As the number of COVID-19 hospitalizations is rising again in Georgia, travel nurses are in high demand. Also, respiratory-type nurses, capable of taking care of coronavirus patients.
That’s according to Chris Eales, the CEO of Premier Healthcare Professionals, a nurse staffing firm based in Cumming, Georgia.
He told WABE’s “All Things Considered” host Jim Burress that it’s been a demanding and chaotic past 9 months, and he’s concerned about the number of nurses available to fight another wave of outbreaks in Georgia.
“Putting COVID-19 to one side, there is a large shortage of nurses as it stands,” Eales said.
“To then move to a scenario where it was only certain nurses with certain skill sets that were required, it was very challenging for us.”
He said many nurses started to phone PHP, asking for open positions during the pandemic.
“That, to me, was just staggering. These nurses, it just blows my mind to think that people have the mindset that they would put their patients ahead of their own safety and wellbeing,” Eales said.
He said surprisingly, very few nurses contracted through PHP have contracted COVID-19.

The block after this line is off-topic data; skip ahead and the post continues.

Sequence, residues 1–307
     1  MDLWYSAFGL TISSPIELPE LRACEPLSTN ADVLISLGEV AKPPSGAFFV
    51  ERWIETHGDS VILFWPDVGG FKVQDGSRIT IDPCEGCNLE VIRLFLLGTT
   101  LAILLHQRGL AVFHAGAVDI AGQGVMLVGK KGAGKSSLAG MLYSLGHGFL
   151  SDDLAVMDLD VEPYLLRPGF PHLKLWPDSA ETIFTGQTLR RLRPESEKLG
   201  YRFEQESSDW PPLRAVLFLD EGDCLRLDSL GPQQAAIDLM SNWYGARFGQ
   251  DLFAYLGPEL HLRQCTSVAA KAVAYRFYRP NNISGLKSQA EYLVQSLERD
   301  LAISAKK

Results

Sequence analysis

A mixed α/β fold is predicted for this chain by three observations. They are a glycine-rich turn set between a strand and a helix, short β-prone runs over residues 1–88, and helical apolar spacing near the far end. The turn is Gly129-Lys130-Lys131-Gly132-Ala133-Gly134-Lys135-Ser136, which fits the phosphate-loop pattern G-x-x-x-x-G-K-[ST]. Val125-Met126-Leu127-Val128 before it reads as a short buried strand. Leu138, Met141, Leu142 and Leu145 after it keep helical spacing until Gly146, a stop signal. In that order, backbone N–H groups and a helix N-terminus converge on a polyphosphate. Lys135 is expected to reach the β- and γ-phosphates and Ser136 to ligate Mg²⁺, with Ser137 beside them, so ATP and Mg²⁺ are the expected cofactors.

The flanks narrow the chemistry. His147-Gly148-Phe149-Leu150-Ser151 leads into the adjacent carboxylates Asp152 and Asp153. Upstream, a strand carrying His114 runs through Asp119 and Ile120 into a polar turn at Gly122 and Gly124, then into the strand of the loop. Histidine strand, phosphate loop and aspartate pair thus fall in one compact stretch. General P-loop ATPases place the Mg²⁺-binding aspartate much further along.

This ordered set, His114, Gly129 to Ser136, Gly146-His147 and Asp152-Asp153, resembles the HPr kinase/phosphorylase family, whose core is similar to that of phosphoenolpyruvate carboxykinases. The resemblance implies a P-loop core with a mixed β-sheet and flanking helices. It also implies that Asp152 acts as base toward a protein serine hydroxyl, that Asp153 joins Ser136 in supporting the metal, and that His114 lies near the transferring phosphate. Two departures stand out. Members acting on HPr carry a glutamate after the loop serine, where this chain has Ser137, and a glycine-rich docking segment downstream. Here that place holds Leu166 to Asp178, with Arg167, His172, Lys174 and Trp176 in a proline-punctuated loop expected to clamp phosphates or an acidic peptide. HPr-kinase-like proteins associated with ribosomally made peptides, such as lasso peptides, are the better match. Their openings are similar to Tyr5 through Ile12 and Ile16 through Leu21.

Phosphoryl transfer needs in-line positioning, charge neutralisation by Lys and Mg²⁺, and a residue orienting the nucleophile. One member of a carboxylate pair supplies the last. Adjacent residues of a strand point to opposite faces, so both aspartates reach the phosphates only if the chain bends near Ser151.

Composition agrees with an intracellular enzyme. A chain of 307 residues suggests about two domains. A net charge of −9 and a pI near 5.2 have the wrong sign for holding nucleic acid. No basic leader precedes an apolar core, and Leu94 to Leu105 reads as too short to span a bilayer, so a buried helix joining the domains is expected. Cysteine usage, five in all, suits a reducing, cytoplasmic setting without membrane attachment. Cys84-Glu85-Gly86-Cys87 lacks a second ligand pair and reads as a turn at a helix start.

But one of the travel nurses currently based in the COVID hotspot of Albany is Tamillia Lowery.
In the last six to eight weeks, the demand for nurses capable of caring for coronavirus patients has skyrocketed.
But she told Burress about her first intense day back in March. Within a week, the unit was full of patients struggling to breathe.
“I remember crying every day. Leaving the hospital, walking to my car and crying,” Lowery said.
Meanwhile, Georgia’s efforts to contain the COVID-19 pandemic continue to deteriorate. The latest figures from the state Department of Public Health show coronavirus hospitalizations continue to climb.
The White House Coronavirus Task Force has warned of aggressive community spread across the U.S., especially as families plan to host mixed-household parties during the holidays.
Lily Oppenheimer contributed to this report.